Trailblazer – The first Audi A3 8L – Andrew Everett takes a close look at the first series of A3s.


The A3 was Audi’s first small frontdrive hatchback since the demise of the Audi 50 some 18 years previously. Fuel was getting expensive, parking wasn’t as easy as it used to be, and the trend was turning firmly in favour of smaller cars. BMW had launched the Compact in 1994 to great acclaim – not so much by the motoring press but by the buying public who lapped the car up.

This is an interesting phenomenon – the Compact was in fact only £1800 cheaper than the regular 3 Series saloon E36, used the older semi-trailing arm rear suspension to save weight and money, and some of the interior trim was decidedly low rent. New and fashionable it may have been, but it wasn’t as good as the four-door.

Audi must have viewed this newcomer with interest, and if they were planning to launch the A3 with some Golf-quality interior plastics (not the best in the world) then they must have had a quick change of heart because, upon its 1996 launch, the A3 would be built and trimmed to the same high standard as the A4 – itself always a notch above the 3 Series.

The A3 was also Audi’s first transverse-engined car since the 50 and that did lead to some accusations of the car being an upmarket Golf; to some extent it was!

Launch models were the 1.6 and 1.8 with the 125 PS 20V unit, both available in SE and Sport models. The 1.6 used the 8-valve version of the regular Golf /Audi four-cylinder EA827 motor and it was available with an automatic gearbox. Model for model, prices were similar to those of the Compact, and above the Golf, but the A3’s superior fit and finish justified this and the car began to sell very quickly, generating impressive waiting lists that the Ingolstadt factory worked flat-out to try and meet.

Press reaction to the A3 was also very positive and one of the very first tests was by What Car? which compared the A3 1.8 with the BMW 318Ti Compact E36 and the Mk 3 Golf GTI 16V.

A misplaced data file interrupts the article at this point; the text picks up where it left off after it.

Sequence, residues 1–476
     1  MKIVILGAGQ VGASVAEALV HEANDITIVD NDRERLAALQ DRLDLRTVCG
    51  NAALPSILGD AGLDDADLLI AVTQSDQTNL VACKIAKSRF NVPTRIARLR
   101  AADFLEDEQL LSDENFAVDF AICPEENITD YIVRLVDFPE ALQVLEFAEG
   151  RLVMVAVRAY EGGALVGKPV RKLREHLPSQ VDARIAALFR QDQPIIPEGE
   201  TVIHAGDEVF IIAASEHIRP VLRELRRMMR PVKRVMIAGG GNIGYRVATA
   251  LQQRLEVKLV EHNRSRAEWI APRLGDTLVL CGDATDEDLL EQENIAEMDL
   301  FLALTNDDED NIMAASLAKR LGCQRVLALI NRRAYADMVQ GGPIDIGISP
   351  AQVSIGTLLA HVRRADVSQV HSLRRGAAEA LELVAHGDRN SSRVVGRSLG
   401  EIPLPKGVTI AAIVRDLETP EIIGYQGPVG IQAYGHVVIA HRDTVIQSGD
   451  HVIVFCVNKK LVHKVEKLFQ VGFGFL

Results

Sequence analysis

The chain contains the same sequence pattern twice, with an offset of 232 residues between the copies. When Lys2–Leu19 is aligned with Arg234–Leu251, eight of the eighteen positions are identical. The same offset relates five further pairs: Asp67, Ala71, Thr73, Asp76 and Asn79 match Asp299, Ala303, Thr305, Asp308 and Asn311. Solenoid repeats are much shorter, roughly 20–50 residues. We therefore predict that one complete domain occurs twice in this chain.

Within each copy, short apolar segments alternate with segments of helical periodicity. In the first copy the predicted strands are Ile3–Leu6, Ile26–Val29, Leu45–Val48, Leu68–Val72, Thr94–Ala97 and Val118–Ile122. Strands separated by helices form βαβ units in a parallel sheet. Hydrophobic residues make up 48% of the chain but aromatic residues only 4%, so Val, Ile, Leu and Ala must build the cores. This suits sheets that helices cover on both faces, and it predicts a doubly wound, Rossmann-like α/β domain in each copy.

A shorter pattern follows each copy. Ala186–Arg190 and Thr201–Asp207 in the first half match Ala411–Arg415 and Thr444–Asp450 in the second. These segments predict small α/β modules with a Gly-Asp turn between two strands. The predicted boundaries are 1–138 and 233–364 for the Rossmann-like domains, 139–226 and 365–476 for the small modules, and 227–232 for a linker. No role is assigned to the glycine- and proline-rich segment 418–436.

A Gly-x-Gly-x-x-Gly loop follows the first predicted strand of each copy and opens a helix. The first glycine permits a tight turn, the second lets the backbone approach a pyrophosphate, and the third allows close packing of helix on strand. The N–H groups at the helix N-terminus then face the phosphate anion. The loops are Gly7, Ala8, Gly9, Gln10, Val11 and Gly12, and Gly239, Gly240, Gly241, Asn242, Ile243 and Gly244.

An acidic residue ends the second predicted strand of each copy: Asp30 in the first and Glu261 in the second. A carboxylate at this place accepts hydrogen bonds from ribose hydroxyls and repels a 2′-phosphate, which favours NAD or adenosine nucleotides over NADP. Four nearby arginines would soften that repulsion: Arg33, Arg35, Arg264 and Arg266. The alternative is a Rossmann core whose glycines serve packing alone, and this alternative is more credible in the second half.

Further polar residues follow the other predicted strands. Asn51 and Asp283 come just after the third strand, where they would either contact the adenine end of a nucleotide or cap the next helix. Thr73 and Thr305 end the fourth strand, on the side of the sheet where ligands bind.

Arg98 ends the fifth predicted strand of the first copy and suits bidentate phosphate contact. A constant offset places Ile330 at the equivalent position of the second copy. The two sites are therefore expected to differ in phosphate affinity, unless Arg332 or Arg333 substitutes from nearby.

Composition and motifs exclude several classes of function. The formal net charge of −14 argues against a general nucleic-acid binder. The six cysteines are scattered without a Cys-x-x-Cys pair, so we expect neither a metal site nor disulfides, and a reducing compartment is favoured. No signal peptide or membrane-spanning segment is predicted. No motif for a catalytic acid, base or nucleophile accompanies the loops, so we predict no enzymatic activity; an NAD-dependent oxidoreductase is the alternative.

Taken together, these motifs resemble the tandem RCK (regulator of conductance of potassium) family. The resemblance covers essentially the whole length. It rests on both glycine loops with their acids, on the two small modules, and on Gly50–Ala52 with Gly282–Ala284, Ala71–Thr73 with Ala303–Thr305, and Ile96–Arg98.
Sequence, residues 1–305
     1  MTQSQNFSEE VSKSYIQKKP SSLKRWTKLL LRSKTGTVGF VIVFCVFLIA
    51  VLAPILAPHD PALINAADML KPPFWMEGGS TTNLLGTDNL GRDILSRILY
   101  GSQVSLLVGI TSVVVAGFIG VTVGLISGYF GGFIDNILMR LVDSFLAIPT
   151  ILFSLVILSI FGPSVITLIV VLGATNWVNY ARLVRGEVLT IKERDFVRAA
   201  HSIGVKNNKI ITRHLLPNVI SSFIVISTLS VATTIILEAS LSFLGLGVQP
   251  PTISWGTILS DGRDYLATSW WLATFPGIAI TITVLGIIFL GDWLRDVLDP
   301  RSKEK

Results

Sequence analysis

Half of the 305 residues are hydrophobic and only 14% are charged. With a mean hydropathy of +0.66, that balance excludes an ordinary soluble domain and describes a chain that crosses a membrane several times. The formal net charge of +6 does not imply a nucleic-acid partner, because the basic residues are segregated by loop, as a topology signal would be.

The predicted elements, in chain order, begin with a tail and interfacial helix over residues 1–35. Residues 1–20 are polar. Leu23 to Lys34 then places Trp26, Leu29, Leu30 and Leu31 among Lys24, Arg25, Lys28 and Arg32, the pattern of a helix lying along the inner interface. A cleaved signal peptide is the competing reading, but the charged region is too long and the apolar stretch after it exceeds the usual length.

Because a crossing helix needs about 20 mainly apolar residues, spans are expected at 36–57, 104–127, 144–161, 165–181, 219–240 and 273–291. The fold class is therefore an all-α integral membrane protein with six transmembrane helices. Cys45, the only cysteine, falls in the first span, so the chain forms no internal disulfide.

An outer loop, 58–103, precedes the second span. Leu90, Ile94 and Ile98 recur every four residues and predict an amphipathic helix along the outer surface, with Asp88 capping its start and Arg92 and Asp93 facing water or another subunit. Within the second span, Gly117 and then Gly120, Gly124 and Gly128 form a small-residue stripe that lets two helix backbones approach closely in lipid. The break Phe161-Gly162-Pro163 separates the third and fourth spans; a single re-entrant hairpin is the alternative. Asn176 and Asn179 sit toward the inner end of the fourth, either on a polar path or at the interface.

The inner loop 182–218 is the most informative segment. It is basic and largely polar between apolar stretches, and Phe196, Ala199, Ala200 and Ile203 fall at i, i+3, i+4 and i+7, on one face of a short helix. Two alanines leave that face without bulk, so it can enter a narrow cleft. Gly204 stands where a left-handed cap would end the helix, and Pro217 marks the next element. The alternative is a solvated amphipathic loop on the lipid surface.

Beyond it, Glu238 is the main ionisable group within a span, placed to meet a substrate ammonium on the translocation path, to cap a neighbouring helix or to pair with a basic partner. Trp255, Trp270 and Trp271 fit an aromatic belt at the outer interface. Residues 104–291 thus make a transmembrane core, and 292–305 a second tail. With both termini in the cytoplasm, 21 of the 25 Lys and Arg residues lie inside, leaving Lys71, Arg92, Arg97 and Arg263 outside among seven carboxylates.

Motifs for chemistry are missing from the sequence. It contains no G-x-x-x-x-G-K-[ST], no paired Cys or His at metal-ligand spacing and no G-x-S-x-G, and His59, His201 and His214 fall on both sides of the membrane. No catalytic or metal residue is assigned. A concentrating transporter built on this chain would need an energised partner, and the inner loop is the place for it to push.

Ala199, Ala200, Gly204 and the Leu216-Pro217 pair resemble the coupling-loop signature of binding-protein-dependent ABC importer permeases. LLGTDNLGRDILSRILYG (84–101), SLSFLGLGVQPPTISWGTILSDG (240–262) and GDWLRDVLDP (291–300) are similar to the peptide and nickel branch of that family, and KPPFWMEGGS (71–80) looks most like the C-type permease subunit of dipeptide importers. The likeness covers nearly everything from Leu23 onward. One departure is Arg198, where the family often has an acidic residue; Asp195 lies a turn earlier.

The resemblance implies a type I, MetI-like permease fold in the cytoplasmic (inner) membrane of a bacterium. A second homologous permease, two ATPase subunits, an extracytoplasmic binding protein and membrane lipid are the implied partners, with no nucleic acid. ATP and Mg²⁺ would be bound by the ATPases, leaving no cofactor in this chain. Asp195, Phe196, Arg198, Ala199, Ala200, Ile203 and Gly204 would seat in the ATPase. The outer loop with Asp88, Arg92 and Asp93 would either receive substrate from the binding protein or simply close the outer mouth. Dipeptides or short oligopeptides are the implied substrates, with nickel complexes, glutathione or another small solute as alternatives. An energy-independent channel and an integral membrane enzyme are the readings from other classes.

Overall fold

Performance and handling fell behind the 143 PS BMW and the 150 PS Golf, but the ride was felt to be better than both competitors. Showroom appeal is where the A3 scored, though – the facia was very similar to that of the A4 with the big red needle instruments, excellent quality trim and plenty of thoughtful touches and oddments space. It also had the biggest boot and the most interior room and, to cap it all, was priced at £15,858 compared to the £16,440 BMW and £16,390 Golf.

A fairer comparison would have been to the cheaper 8V Golf GTI, but the £15,500 100 PS 316i would have been out of contention. Anyone looking for a diesel hatchback would have bought the superb 1.9 TDI version with 110 PS.

Spurred on by the initial success, Audi soon began to expand the model range. By 1999, a five-door model had been launched and while it didn’t look as good as the three-door, it soon began to outsell it – and the customer is always right, of course. A 1.8 Turbo model with 180 PS was also launched, along with a long-awaited 1.9 TDI with the new PD (Pumpe Düse) engine with its variable vane geometry turbo and a choice of 90 or 110 PS. The 100 PS version arrived in 2001 along with the 130 PS version. A new A3 1.8T Quattro was also made available with the Haldex four-wheel drive system and a choice of the 150 or 180 PS units.

While it was called a quattro, it used a different system to the A4, A6 and A8s due to the transverse engine layout. The Haldex coupling system adjusted the torque bias from the front to rear as grip requirements changed, with the car being primarily front-wheel drive during normal motoring.